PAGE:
Booking.com users get phished, MyHeritage gets mysteriously hacked, and Apple amps up cybersafety.
States request almost $210M for midterm cybersecurity
As we reported back in April, the US Congress unlocked $380M in election security and cybersecurity upgrades. To claim the money, each state had ninety days to submit proposals of how the money would be allocated. In a press release on Tuesday, the US Election Assistance Commission (EAC) announced that 26 states have requested the funds, bringing the grand total just under $210 million. The Commission is fast-tracking the funds in the hopes they can be put to use in time to bolster security for the 2018 midterms.
92M MyHeritage passwords discovered
In a statement on Monday, genealogy service MyHeritage reported the discovery of an outside server that held the email addresses and hashed passwords of all MyHeritage users up through October 26, 2017, totalling just over 92 million. There is no evidence that the breached data had been used, but MyHeritage officials urge all users to change their passwords, adding that they intend to ramp up cybersecurity measures.
“Even if we are really careful and take all necessary measures to protect our information in our devices, we cannot control what happens in the outside world,” says Avast Security Evangelist Luis Corrons. “If a company that has our credentials stored is compromised and suffers a data breach, that means the attackers could get access to our credentials.” He adds that a user’s best protection is to avoid reusing passwords (a password manager makes this easily possible) and to take advantage of two-factor authentication whenever it is offered.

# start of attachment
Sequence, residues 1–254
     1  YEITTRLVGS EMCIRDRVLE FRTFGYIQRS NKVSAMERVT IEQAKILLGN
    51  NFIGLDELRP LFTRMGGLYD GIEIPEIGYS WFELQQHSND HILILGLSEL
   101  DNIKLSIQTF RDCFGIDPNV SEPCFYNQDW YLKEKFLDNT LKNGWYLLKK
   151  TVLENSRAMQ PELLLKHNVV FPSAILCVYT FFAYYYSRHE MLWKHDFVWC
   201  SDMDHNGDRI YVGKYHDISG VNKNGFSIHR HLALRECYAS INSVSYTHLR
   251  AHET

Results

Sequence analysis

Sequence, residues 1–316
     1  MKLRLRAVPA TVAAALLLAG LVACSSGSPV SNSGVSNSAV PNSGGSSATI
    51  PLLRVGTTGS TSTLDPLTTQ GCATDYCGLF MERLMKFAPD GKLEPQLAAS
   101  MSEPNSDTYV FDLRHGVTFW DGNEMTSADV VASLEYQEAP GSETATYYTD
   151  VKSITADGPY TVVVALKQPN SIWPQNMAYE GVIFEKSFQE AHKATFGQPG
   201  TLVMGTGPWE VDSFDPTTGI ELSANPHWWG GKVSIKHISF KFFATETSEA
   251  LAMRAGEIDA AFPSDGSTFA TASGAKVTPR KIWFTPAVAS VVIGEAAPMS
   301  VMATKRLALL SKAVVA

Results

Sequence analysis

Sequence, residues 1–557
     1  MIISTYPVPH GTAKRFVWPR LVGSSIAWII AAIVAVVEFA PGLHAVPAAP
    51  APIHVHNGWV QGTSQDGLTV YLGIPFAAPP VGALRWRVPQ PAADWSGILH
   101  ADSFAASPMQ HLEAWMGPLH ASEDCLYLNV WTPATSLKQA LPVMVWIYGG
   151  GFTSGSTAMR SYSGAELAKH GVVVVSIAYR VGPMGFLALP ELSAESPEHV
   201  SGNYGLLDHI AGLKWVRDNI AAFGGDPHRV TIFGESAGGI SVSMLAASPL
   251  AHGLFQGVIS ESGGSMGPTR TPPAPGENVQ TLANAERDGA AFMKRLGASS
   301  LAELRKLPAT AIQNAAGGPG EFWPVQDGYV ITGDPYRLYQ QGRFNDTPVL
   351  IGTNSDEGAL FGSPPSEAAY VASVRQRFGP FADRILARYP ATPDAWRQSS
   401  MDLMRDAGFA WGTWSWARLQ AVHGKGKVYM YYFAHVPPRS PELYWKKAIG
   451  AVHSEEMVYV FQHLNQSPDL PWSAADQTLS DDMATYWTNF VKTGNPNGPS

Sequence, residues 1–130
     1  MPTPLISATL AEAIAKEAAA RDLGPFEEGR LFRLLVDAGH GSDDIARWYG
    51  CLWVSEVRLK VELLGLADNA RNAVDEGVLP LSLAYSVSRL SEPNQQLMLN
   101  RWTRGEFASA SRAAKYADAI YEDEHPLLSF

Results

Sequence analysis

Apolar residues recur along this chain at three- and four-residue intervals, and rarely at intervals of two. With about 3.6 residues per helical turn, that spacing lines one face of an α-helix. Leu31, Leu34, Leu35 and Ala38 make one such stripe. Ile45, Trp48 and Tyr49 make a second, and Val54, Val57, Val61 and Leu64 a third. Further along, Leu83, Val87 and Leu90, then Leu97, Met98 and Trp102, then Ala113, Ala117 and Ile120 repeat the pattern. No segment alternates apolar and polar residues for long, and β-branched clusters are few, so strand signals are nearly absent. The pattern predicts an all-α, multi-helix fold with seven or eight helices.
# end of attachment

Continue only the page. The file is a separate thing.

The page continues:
Apple amps up anti-tracking
At their Worldwide Developers Conference on Monday, Apple introduced a batch of new features coming to iOS, including a more privacy-forward Safari. They are calling the new set of defensive tools “Intelligent Tracking Prevention 2.0.” The new version of the browser prompts users whenever a website tries to deploy a tracking cookie or access any of their data. It will hide the data that allows advertisers to assign digital fingerprints to each device, and it will promote stronger password usage.
VPNFilter damage worse than expected
“This looks like a really advanced attack, we could be looking at some state-sponsored group here,” suggests Avast Security Evangelist Luis Corrons. As cybersecurity experts continued their study of the router-infiltrating malware VPNFilter, they had two revelations. One was that the malicious program had infected twice the number of routers than originally suspected, targeting twice the number of brands. The other was that the damage went deeper than initially thought, reaching beyond the infected routers and into any network connected to them. “Most of the attacks that target IoT devices abuse either weak/default passwords or vulnerabilities.”
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